Figures just released by The London Internet Exchange (LINX) – which handles up to 96 per cent of the UK's Internet traffic – shows that Europe now has more Internet routes connected into the UK than the USA has. It is the first time that LINX has published details of the connections to its exchange.
More than 40,000 world Internet routes - around 50 per cent of the global total - can be accessed through LINX which is the largest and most important Internet exchange point outside the USA.
More than 14,600 routes from LINX (34 per cent of the total) are to UK and other European destinations compared with just under 13,000 (30 per cent) going to North America, primarily the USA.
Asian countries account for a further 22 per cent of LINX-connected routes with Oceania having 7 per cent and South America 3 per cent. The whole of Africa accounts for less than one per cent.
Among individual countries, the USA still accounts for the largest number of LINX routes - around 11,000 or 25 per cent of the total. Internal routes within the UK account for only 4.4 per cent of the connections, fourth behind the USA, The Netherlands and Japan.
Vanessa Evans of LINX explained: “There is no direct correlation between the number of routes to a destination available through LINX and the volume of traffic being carried to a particular destination. It would be perfectly possible to have a large number of available routes to an obscure part of the world which carried no traffic at all.
"However, commercial logic suggests that ISPs establish routes to meet the needs of the traffic they are carrying. The connection figures are therefore a crude, but valid, reflection of where the UK's Internet traffic is coming from and going to."
The large number of connections to the USA reflects the historical lead which that country had in the Internet industry and the fact that many major international ISPs are headquartered there. Much traffic which cannot get directly from LINX to its destination is probably routed through facilities in America, even if its eventual destination may be outside the USA. The Netherlands has also become a centre for distributing Internet traffic in continental Europe with a large Internet exchange in Amsterdam.
With a membership of around 130 Internet service providers (ISPs) and content delivery service providers (CDSPs), LINX provides its members with the opportunity to establish ‘peering’ inter-connections with each other, leading to cost-effective and rapid transmission of Internet traffic. As a result of their combined networks, web traffic being routed via LINX members can be delivered to virtually half the world’s Internet community in one direct ‘hop’ rather than being routed through many different connections.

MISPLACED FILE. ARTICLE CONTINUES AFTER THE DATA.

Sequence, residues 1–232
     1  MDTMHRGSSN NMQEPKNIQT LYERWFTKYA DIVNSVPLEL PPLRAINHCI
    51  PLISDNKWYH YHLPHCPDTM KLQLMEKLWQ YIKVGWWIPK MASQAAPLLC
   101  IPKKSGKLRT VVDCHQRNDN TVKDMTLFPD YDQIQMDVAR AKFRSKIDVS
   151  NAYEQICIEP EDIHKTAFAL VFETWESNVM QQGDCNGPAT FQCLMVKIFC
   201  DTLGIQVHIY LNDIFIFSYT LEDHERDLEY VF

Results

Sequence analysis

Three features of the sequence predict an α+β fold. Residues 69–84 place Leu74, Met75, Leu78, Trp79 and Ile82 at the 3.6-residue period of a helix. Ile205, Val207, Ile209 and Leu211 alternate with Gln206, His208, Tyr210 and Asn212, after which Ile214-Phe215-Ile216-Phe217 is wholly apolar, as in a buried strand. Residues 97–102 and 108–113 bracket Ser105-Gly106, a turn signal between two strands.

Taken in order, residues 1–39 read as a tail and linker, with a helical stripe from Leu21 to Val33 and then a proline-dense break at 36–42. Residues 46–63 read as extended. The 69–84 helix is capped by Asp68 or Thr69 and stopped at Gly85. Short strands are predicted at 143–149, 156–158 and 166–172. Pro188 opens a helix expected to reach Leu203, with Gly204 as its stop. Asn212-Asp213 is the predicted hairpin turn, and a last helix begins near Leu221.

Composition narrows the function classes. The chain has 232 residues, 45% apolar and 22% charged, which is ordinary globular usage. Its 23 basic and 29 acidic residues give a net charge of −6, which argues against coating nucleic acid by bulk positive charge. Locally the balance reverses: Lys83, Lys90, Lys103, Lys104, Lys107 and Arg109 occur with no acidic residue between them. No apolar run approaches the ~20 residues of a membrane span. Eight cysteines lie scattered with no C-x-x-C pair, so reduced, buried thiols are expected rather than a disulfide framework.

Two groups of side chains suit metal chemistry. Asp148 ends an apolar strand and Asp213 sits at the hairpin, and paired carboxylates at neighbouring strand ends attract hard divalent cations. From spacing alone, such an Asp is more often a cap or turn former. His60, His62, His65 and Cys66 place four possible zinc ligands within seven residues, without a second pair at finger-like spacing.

LINX, which was founded in 1994, continues to attract new members although consolidation in the Internet industry means that its total membership has grown relatively slowly for the past two years. Each new member, however, brings new routes to LINX and the total has now passed 40,000.
The volume of traffic being carried also continues to increase. Total Internet traffic on the LINX exchange is now peaking at around 21 gigabits per second – the equivalent of around 1.25 million e-mail messages per second. This is double the level of twelve months ago.
Notes to editors:
LINX is a mutual organisation owned by around 130 Internet and content delivery service providers. It allows competing networks to exchange Internet traffic cost-effectively, bringing speed and efficiency benefits to their customers. Its members include all the major UK ISPs - plus many from the USA, mainland Europe and the Far East - and it currently handles up to 96 per cent of the UK’s Internet traffic.
Percentages of routes quoted above do not add up to 100 per cent because of minor listing anomalies with some routes (approximately 3 per cent of the total) which cannot be assigned to a particular country/continent.
The traffic figure of 21 gigabits per second quoted above is the peak daily flow over the LINX exchange. Comparison of this figure with the same figure from earlier dates tends to under-state the growth in Internet traffic because over the past year LINX has offered an option for larger ISPs to directly connect their networks (so-called 'private peering') rather than put traffic onto the exchange. Traffic on the increasing number of these private peering connections is not recorded in the LINX statistics.
One gigabit is 1,000 million bits of data. While Internet traffic consists of a wide variety of data, one gigabit is roughly equivalent to 60,000 average e-mail messages.
For further information contact:
London Internet Exchange (LINX)Telephone: 01733 207700
Smye Holland Associates
Telephone: 01733 564906
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